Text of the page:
Bengaluru, Dec 17: There has been a great deal of debate in the recent days regarding the status of the ISIS and whether it has been banned in India. The rule is clear and speaking to experts one gets a clear picture and that is if there is a ban on a particular outfit by the United Nations, then all members are required to abide by the same as per the convention signed.
What Rajnath Singh said exactly?
The Home Minister made it clear that the ISIS, or ISIL (Islamic State of Iraq & the Levant) was already banned in India as per entry no 33 in the list of outfits banned under the Unlawful Activities Prevention Act.
According to the Home Minister's statement there was no need for a separate ban like was done in the case of the SIMI, Indian Mujahideen and the 33 other organizations listed on the Home Ministry website.
India has signed the UN convention and as per this they will abide by what the UN has decided. When the UN has proscribed a terrorist organization, then all those part of the convention will automatically follow it.
No need for a separate ban:
Former Chief of Research and Analysis Wing, C D Sahay says that the ban by the UN is good enough. There is no need to ban it once again in India. It is a globally accepted provision that when the UN has banned an outfit all those who have signed the convention will abide by it.
If the UN has banned an outfit, then the countries abiding by the ban can book cases against members part of the outfit with the existing laws. The existing laws under the Indian Penal Code will come into play and the provisions can be used to book cases.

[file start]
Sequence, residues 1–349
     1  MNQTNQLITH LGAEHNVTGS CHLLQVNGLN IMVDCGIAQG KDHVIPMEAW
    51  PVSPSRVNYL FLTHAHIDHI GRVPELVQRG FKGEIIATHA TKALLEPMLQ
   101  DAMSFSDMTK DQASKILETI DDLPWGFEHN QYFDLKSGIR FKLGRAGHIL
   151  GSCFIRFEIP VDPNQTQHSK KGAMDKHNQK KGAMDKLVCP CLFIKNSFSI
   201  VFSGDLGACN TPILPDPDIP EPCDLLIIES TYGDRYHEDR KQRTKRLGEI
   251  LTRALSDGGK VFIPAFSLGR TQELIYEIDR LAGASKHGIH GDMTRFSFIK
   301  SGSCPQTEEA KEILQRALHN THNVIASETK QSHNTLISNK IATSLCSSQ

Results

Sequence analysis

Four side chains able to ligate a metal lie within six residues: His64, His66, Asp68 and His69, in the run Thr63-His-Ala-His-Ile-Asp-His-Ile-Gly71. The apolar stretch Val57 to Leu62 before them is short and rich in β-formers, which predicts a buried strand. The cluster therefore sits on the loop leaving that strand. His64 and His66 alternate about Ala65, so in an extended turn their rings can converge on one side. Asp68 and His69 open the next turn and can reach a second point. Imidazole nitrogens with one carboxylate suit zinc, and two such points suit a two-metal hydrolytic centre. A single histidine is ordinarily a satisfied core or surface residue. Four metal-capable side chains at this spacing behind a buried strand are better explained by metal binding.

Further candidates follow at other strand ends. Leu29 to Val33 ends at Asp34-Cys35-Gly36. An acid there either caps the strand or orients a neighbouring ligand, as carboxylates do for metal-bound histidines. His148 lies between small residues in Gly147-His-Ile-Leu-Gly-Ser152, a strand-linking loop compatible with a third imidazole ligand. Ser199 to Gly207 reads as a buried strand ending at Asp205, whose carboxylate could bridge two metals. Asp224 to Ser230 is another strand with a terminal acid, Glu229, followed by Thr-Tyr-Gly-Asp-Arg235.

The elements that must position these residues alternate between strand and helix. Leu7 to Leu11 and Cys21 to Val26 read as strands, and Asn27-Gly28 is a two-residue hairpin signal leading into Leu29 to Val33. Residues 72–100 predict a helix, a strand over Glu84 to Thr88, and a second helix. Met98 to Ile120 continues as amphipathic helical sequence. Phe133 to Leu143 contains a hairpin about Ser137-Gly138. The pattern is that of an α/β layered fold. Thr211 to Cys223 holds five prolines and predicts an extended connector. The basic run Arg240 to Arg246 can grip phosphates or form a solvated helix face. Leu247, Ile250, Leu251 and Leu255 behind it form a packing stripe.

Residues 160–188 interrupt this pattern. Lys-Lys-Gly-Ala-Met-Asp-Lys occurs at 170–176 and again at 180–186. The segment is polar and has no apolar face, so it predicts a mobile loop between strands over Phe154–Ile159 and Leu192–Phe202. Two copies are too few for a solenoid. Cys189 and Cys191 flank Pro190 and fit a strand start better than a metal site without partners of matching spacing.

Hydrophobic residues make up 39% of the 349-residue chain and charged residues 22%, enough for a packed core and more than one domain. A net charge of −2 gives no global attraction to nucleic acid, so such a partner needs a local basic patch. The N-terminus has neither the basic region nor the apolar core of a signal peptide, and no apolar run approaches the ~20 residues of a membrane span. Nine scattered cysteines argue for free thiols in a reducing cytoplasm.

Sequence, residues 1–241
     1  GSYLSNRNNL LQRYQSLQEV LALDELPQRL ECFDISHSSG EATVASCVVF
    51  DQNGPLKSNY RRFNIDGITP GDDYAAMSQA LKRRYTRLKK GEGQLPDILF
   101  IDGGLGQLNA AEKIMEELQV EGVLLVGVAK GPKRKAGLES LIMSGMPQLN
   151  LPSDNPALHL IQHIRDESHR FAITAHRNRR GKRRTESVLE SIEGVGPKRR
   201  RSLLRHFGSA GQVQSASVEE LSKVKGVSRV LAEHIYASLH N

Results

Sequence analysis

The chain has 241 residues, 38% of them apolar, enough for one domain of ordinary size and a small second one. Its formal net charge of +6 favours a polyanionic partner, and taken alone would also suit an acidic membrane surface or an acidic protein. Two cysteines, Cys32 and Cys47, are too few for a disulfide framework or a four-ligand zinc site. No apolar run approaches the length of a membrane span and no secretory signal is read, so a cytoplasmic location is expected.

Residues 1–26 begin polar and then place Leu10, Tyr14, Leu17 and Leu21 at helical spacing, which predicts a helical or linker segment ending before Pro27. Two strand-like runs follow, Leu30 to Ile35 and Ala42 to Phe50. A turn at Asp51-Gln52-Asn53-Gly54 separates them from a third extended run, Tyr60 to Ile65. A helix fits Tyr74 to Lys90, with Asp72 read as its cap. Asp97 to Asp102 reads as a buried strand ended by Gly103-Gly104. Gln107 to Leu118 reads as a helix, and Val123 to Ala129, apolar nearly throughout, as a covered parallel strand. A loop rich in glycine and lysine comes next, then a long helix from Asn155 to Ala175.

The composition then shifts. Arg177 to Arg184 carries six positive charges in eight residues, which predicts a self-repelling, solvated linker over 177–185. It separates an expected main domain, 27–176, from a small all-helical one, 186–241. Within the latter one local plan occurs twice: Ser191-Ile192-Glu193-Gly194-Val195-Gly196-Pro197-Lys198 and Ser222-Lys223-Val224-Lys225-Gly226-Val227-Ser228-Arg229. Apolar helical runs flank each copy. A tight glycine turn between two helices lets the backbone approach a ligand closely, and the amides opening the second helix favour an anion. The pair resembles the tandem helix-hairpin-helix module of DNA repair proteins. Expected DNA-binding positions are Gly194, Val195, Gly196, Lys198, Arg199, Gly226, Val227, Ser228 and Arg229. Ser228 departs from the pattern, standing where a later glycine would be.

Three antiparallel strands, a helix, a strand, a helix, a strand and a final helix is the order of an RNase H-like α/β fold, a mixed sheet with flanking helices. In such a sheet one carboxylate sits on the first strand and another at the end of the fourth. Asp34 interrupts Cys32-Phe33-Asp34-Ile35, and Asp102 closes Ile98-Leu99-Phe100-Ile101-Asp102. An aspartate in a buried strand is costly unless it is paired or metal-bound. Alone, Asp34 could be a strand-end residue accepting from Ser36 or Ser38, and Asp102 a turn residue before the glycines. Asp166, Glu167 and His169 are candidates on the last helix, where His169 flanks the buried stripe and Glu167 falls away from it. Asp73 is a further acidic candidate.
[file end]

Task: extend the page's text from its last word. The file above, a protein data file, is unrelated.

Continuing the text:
This would mean that if a member is supporting or part of an outfit banned by the UN, then he is committing a crime even if the country he is part of has not banned that outfit with a separate law existing in the country. It would automatically mean that the sections under the Indian Penal Code would be applicable. Even the provisions of the Unlawful Activities Prevention Law would be used as was done in the case of Areef Majeed and Mehdi Masroor Biswas.
As per entry 33 of the UAPA, any outfit banned by the UN is automatically banned by member nations.
In the case of the SIMI, the Indian Mujahideen and several other outfits, India has executed an individual ban apart from the one by the UN. This would mean that India will use its terror laws to ban an outfit. In the case of the SIMI the law used to ban it was the TADA. After this ban a tribunal is set up which will from time to time review whether the ban needs to be extended or not.
Will India ban ISIS on its own?
At the moment the government feels that the UN ban is good enough. The crimes that have been reported pertaining to this organization have not affected India directly. Instead these persons have been booked for waging war against a friendly nation under Section 125 of the IPC.
India is however studying the modalities and after discussion may take a decision to impose an individual ban. For this the NIA will have to make out a strong case in the form of a chargesheet. After this the National Security Advisor will examine it and then suggest to the Home Ministry on the next course of action.